As more than 500,000 candidates anxiously await their Kenya Certificate of Secondary Education (KCSE) examination results released yesterday, what is the meaning of true intelligence? Can we capture intelligence in standardised tests? Psychologists debate different aspects of intelligence, but in general academic wherewithal falls into one’s intelligence quotient.
However, many of us can remember a few smart high scoring students from our secondary school days who wound up leading lacklustre unrewarding careers. As highlighted on March 7, 2014, in the Business Daily, ‘Exam scores do not fairly represent true abilities’, preparation for standardised tests as well as most undergraduate and post-graduate education only nominally prepare students for the real world.
Among many issues with formal schooling systems in Kenya that punitively foster convergent thinking rather than divergent thinking, the KCSE fails to capture key indicators of a student’s future success revolving around emotional intelligence and social intelligence.
The most popular non-academic aptitude, emotional intelligence, construct exploded onto the academic and corporate stage in 1990 with a seminal research study conducted by John Mayer and Peter Salovey. A cacophony of social scientists as well as laymen, such as journalists, have ever since trumpeted emotional intelligence as the solution to human-centred problems within organisations.
Emotional intelligence entails understanding other people’s emotions while controlling the power that one’s subconscious unleashes, often irrationally, on their own emotions. Have a boss who notices you are going through a difficult week without you having to point it out? She is likely high on emotional intelligence. Ever experience a coworker who showed imperfect timing at every turn always making comments and suggestions at the wrong time given the mood of the listeners? Then he, in all likelihood, suffered from low emotional intelligence.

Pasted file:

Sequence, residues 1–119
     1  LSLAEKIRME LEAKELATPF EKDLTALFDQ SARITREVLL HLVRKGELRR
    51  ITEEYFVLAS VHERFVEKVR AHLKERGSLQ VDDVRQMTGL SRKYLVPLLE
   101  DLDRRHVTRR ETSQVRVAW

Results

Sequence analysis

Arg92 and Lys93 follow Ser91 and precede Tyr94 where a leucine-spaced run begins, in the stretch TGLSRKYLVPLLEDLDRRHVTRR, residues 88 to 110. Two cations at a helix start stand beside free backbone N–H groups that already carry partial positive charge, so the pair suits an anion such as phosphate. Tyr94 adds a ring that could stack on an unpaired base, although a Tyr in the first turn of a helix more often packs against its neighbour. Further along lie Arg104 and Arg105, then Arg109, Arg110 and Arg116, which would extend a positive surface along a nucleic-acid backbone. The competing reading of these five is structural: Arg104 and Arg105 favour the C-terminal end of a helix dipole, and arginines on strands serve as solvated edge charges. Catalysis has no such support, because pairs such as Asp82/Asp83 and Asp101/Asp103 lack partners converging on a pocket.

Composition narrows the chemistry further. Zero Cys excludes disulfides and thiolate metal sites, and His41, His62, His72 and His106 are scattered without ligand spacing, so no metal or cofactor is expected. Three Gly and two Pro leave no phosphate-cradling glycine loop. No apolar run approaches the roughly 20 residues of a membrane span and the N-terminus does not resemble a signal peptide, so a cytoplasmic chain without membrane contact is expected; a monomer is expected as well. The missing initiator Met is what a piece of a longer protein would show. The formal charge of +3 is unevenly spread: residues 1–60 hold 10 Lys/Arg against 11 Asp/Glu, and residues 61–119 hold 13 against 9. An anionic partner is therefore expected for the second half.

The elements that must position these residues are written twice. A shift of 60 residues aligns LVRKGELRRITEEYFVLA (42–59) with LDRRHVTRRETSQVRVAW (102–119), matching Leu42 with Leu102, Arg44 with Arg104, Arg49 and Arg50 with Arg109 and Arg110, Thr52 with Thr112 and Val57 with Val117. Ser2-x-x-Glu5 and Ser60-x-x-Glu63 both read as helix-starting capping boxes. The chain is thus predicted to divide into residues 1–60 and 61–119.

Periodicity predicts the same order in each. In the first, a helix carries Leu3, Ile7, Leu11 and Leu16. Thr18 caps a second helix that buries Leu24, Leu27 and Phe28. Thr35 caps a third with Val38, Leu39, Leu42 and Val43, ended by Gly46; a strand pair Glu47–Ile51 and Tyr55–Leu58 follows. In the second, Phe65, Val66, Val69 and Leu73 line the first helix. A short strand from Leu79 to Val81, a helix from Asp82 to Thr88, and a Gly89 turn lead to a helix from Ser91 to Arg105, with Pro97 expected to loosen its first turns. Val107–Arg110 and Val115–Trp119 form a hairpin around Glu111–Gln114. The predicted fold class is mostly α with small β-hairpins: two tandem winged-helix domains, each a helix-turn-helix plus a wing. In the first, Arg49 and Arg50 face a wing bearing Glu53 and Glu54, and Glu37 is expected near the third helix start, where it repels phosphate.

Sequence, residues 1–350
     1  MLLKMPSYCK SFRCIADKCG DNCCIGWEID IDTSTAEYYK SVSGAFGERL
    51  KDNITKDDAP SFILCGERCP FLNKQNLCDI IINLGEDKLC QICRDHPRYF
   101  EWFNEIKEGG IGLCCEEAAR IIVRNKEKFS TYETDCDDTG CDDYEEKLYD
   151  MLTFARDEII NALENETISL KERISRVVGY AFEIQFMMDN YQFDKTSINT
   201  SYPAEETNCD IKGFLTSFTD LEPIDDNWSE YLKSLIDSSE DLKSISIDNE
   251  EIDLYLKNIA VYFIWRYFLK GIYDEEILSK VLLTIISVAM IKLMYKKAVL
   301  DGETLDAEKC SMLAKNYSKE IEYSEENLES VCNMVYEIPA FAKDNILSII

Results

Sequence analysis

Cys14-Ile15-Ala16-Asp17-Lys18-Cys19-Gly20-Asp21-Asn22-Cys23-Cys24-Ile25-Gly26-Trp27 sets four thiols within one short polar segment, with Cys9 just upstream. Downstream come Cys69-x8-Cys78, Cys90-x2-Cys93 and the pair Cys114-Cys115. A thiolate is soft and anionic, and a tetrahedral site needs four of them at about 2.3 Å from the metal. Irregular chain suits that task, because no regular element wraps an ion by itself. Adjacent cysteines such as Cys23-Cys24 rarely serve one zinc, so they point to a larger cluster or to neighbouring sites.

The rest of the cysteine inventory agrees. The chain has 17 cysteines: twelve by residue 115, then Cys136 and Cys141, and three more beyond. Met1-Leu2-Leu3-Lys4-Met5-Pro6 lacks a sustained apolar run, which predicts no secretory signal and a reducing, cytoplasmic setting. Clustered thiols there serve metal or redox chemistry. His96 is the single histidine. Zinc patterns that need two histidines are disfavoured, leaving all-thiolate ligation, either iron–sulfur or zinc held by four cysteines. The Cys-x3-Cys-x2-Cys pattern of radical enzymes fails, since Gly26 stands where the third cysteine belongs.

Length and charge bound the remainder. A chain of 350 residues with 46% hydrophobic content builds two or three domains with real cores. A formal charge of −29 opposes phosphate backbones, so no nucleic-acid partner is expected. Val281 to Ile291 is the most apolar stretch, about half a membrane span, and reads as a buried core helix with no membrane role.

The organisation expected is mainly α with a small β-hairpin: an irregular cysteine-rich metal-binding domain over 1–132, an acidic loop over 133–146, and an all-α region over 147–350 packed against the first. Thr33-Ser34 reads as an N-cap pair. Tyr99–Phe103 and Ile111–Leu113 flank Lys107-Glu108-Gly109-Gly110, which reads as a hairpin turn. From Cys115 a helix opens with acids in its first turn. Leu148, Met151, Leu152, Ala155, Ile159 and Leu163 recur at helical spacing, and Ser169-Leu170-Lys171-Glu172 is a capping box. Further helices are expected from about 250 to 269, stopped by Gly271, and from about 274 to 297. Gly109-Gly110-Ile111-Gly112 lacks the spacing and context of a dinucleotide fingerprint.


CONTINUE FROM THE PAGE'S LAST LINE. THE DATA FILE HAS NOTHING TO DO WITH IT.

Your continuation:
Emotional intelligence combined with intelligent quotient and social intelligence form reasonable predictors of one’s career success. Dozens of Kenyan consulting firms, from briefcase nincompoops to credible large entities, offer some level of emotional intelligence training and coaching. However, can emotional intelligence even change? Emotional intelligence does not comprise a personality trait that is locked in someone by a certain age in childhood.
Despite the hundreds of millions of shillings spent on emotional intelligence training each year in Kenya, evidence shows only negligible results.
While after the training ends, participants can often recite definitions of emotional intelligence and some simple signs of how to spot it in others, but training provides virtually no benefit to actually boosting a trainee’s own emotional intelligence.
Think of emotional intelligence enhancement coaching in light of a weight loss analogy that proves exceedingly difficult. Possible? Yes. Likely? No. Evidence derived from researcher Tomas Chamorro-Premuzic shows that some level of change can occur in one’s emotional intelligence, but a participant must put in exceptional amounts of time with copious efforts to boost his or her emotional intelligence even by small amounts.
The vast majority of trainees fail to put in any reasonable effort towards self-change. Inasmuch, one-on-one coaching proves more effective in boosting employee emotional intelligence, but still efforts often fail because employees neglect to put in their own substantial time, effort, and struggle into the fight.
So, in the end, managers and trainers end up harping at employees for low emotional intelligence, employees get fed up, and the employee leaves or gets terminated from the firm.
Back to predicting success, unless KCSE and university examinations investigate emotional comprehension and social setting skills, we will fail to accurately forecast a pupil’s aptitude for future career success and direct him or her towards appropriate specialised learning paths.
Dr Scott may be reached on [email protected], or on Twitter: @ScottProfessor